Can Pets Eat Gingerbread?
Pets are members of the family, so it’s only fitting that they’d join in the holiday festivities each year. More than three quarters of the pet parents who responded to our recent survey say they’ll be purchasing gifts for their four-legged friends this year. Does that mean cats and dogs can enjoy holiday baked goods too?
Not necessarily. A number of favorite holiday treats include ingredients that could make your pet sick or even poison them. We all know that chocolate is a no-go, but what about other desserts?
Can Dogs and Cats Eat Gingerbread?
No, pets should not eat gingerbread. While a bite won’t necessarily prove toxic, many common gingerbread ingredients could present issues for both dogs and cats.
Nutmeg, for example, can cause digestive problems in small quantities and poisoning in larger amounts. The quantity of nutmeg found in a recipe is unlikely to cause any trouble, but at-home chefs should exercise caution while cooking with nutmeg and ensure spice cabinets and containers are always securely locked. The spice contains a substance called myristicin which can lead to symptoms including hallucinations, disorientation, and elevated heart rate when consumed in large doses.
Large amounts of cinnamon can also lead to negative reactions. Overdoses may result in vomiting and extreme cases could even cause liver damage. In powdered form, the spice can also irritate the lungs, causing difficulty breathing and choking in pets.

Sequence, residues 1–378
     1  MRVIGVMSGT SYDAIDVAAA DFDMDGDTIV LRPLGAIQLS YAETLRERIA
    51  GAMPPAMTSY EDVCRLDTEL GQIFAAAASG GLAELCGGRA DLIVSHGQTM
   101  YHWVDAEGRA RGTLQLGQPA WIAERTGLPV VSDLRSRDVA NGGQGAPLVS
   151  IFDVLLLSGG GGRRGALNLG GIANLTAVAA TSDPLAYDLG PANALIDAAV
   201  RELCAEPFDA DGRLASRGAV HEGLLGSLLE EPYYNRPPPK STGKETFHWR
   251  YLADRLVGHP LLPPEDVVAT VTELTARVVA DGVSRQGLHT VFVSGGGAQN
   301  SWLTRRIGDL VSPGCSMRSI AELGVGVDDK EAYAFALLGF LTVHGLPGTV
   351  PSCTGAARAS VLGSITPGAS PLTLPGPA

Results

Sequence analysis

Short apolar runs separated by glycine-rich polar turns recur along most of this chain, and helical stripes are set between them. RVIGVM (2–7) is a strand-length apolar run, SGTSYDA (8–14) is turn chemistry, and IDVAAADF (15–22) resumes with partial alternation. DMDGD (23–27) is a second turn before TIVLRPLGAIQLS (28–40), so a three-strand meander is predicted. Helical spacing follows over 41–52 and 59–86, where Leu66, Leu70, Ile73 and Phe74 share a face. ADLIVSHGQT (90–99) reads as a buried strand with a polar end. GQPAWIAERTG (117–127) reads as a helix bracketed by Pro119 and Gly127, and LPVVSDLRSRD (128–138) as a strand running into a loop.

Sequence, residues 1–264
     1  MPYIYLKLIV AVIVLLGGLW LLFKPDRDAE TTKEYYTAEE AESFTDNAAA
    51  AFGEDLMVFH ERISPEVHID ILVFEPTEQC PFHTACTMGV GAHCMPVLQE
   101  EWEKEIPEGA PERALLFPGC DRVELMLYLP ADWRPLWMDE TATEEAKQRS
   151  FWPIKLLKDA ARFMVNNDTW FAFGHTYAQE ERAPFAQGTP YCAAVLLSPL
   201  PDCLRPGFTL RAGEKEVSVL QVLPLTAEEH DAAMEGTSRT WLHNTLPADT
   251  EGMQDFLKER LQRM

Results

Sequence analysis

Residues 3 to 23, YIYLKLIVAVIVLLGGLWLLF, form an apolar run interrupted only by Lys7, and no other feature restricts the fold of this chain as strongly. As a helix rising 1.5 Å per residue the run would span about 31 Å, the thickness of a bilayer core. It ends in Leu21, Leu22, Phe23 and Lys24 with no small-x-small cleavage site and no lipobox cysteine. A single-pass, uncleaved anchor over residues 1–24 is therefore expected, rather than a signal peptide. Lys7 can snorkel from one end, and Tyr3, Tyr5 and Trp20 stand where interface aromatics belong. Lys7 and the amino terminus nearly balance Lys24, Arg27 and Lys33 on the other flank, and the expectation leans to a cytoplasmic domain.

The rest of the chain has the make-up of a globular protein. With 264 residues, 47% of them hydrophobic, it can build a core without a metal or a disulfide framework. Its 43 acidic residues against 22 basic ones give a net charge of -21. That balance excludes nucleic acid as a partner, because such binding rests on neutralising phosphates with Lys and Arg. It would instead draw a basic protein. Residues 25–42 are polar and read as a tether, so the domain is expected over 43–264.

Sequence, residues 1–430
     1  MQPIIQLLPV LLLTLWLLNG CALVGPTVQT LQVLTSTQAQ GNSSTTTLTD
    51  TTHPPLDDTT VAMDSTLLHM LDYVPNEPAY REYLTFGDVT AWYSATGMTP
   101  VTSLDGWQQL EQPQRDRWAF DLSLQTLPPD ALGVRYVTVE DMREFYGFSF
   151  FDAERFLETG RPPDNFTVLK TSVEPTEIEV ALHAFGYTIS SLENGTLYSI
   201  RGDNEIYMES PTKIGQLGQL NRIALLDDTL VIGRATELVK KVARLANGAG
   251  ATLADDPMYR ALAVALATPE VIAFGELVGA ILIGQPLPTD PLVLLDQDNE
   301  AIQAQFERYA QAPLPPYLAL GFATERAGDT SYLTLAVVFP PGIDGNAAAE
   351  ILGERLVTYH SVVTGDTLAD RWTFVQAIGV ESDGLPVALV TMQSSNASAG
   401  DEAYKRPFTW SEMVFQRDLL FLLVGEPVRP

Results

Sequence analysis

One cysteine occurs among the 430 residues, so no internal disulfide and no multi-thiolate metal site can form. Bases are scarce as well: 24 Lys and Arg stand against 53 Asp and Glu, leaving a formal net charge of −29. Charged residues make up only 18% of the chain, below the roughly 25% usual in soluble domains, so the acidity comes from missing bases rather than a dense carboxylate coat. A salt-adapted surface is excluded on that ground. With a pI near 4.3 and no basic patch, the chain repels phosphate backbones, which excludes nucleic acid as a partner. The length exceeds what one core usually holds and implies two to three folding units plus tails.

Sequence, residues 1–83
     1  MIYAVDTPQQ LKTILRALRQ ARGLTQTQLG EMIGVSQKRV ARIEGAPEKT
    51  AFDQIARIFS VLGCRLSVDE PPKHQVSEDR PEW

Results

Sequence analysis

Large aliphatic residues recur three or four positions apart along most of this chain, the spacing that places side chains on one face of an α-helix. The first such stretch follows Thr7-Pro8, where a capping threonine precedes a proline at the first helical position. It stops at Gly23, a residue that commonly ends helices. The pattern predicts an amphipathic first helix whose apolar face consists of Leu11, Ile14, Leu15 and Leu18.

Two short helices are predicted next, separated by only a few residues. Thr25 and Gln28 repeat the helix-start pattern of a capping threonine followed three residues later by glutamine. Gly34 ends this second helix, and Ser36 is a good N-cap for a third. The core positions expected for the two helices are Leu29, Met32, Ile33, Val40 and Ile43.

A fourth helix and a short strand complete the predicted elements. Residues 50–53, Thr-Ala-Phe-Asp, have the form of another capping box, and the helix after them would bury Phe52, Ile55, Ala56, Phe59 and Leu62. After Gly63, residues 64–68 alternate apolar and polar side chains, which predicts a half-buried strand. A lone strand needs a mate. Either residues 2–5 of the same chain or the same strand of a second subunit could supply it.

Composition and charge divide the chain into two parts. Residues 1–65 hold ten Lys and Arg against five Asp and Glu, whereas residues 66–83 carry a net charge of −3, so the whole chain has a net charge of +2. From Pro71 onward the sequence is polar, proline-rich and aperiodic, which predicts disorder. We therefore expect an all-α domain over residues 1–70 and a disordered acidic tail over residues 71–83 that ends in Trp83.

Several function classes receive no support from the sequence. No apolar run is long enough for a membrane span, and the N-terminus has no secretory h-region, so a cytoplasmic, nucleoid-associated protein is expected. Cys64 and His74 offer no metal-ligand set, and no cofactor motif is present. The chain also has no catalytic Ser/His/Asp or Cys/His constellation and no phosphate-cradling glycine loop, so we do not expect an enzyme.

That’s not to mention all the other potentially harmful ingredients hiding in a batch of gingerbread cookies. The same ingredients that make gingerbread an indulgent treat for us (butter, sugar, etc.) can lead to a range of issues for our pets. Add in frosting, sprinkles, and other edible decorations and gingerbread becomes an even more dangerous snack. Small helpings may lead to nausea, diarrhea, and vomiting and serious snacking can leave pets dealing with excess weight and conditions like diabetes.
The Benefits of Ginger
Gingerbread isn’t a safe snack, but one of its namesake ingredients may actually benefit your dog or cat in small quantities. If you’ve ever nursed an upset stomach with ginger ale or steeped the raw herb in a tea, you’re already familiar with the medicinal effects of ginger. In small quantities, ginger can have the same soothing effect for our pets as it does for us. It’s a popular over-the-counter remedy for nausea and vomiting and years of anecdotal evidence suggests that it works.
Pet-Safe Gingerbread Treats
Want to enjoy some gingerbread with your dogs and cats this holiday season? Check out this recipe for pet-safe cookies:
- 2 tablespoons of molasses
- 2 teaspoons of grated or ground ginger
- 1 cup of whole wheat flour
- 1 teaspoon of cinnamon
- An egg
- ⅓ cup of chunky peanut butter (watch out for xylitol, a potentially-dangerous artificial sweetener)
- Preheat your oven to 320 degrees Fahrenheit
- Whisk wet ingredients together in a large bowl
- Add dry ingredients
- Knead combined ingredients until they form a stiff dough, adding flour if necessary
- Roll out dough on a lightly-floured surface
- Cut into whatever shape you like
- Bake for about 15 minutes or until golden brown
- Cool before serving to your pet